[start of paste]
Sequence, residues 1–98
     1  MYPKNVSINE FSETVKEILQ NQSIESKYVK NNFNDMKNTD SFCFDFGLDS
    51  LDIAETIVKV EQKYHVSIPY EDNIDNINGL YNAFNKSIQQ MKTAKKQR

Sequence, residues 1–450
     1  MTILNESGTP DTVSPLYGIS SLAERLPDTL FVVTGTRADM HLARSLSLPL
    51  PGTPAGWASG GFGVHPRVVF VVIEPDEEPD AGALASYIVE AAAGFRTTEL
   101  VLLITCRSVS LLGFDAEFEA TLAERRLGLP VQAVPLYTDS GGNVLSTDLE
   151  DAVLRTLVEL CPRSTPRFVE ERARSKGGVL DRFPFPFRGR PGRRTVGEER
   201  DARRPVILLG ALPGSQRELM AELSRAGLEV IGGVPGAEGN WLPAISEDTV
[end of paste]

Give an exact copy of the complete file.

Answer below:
Sequence, residues 1–98
     1  MYPKNVSINE FSETVKEILQ NQSIESKYVK NNFNDMKNTD SFCFDFGLDS
    51  LDIAETIVKV EQKYHVSIPY EDNIDNINGL YNAFNKSIQQ MKTAKKQR

Sequence, residues 1–450
     1  MTILNESGTP DTVSPLYGIS SLAERLPDTL FVVTGTRADM HLARSLSLPL
    51  PGTPAGWASG GFGVHPRVVF VVIEPDEEPD AGALASYIVE AAAGFRTTEL
   101  VLLITCRSVS LLGFDAEFEA TLAERRLGLP VQAVPLYTDS GGNVLSTDLE
   151  DAVLRTLVEL CPRSTPRFVE ERARSKGGVL DRFPFPFRGR PGRRTVGEER
   201  DARRPVILLG ALPGSQRELM AELSRAGLEV IGGVPGAEGN WLPAISEDTV